- Early Life
Woodman was born on 24 June 1975 to Concepcion and Dean Woodman. He spent his childhood in Menlo Park and Atherton, California. His father founded the Robertson Stephens, an investment bank based in San Francisco. He did his high school at Menlo School and then attended the University of California, San Diego, where he graduated in visual arts, with a minor in creative writing in 1997.
- Experimenting with Startups
Woodman was always curious about starting up his own business. He began with an eCommerce website named EmpowerAll.com, which was outlined to sell electronic goods for no more than a $2 profit but it wasn't successful. Later, he launched a gaming and marketing platform, Funbug, again which could not live up to the mark.
- Founding GoPro
It was then when he was traveling to Australia and Indonesia for a trip that he stumbled upon a new idea with potential. He'd always loved to surf, and whilst surfing in Australia during his trip, he tried to capture his adventure on camera. Woodman asked his friends to click his pictures while surfing, but they all failed. Later, Woodman tried to take the pictures himself by attaching the camera to his hands with a rubber band, but again it was all in vain.
These issues led him to brainstorm about developing ways to help people with such needs. The idea of developing a camera that could be attached with a belt came to mind. Woodman borrowed a sewing machine from his mother and started experimenting with different designs to formulate belts for cameras.
He also took a loan of $200,000 from his father and $35,000 from his mother in order to start the business. He also invested his own savings, around $10,000, which he obtained from selling the sea-shells that he had brought in Bali and sold on the California coast.
In 2002, GoPro was born. The name was inspired by the Pro surfers who got their pictures taken by professional photographers. Initially, the company focused on developing camera models with a ‘point and shoot' property, in order to get high-quality pictures instantly.
The first model from the company was manufactured by a Chinese company named Hotax. The model was a 35mm film camera, attached with the belt designed by Woodman himself, after a few modifications in the design. The retail cost for the camera was set at $30. With the success of the camera, it went through a few improvements like support for Wifi, waterproof housing, and the addition of an SD card.
After two years from the inception of the company, it got its first big order in 2004 from a Japanese company. In the same year, the total earned revenue of the company was $150,000, and the following year, it grew to $350,000. In late 2012, Foxconn spent $200 million to purchase 8.88% of the company, making the company value at $2.25 billion and Woodman a billionaire. In the year 2014, the company went public.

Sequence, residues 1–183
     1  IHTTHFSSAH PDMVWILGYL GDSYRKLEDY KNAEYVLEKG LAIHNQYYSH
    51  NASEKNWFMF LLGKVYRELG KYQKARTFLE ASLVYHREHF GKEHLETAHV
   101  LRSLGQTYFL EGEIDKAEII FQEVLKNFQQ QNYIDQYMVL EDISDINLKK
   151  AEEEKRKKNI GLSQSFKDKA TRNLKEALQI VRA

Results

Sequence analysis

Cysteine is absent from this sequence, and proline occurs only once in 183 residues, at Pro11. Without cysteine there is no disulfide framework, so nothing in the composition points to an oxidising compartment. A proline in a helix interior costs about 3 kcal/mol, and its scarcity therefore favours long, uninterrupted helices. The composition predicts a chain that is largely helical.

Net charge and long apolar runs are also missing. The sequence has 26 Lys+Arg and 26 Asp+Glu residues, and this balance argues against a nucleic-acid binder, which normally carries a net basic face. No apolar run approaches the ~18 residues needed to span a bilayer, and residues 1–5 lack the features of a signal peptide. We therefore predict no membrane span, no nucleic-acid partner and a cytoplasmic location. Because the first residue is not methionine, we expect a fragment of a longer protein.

GoPro made a series of job cuts in 2016-2018. In January 2016, it cut 100 jobs or 7% of his workforce. In November 2016, GoPro cut an additional 15% of its workforce after attempting to branch out beyond its core business of action cameras, as the entertainment division failed to reach profitability. Additional layoffs followed in March 2017.
In January 2018, GoPro announced they were removing drones from their product lineup and reducing the workforce from 1,254 employees to fewer than 1,000 and Woodman announced that he was open to selling GoPro. With the layoffs, GoPro went back to its earlier, flatter structure. "We decided to simplify everything and get back to the business that we knew and loved as a private company," Woodman says.
In December 2016, a class action lawsuit against GoPro was announced. The complaint alleged that GoPro made false and misleading statements to investors and/or failed to disclose flaws in the company's drones, overstating customer demand, and GoPro's public statements were materially false and misleading.
With the many changes at and involving GoPro, including numerous job cuts and falling stock prices, Woodman was named in a 2016 Fox Business article as one of the year's worst CEOs.
- The Lessons
Try, try, and try, these are the basic rules for achieving your goals.
If you fail once, you have to try harder next time, as giving up will lead you to nowhere, but failure.
Except, if you keep trying, there will be a day when you will thank yourself for your own hard work and sustainability.
The American businessman Nick Woodman also believes in the power of trying, and after failing in his first two startups, his third startup, ‘Go Pro‘, helped him achieve his dreams, and he finally, built a billion-dollar empire for himself.
Source: Your Tech Story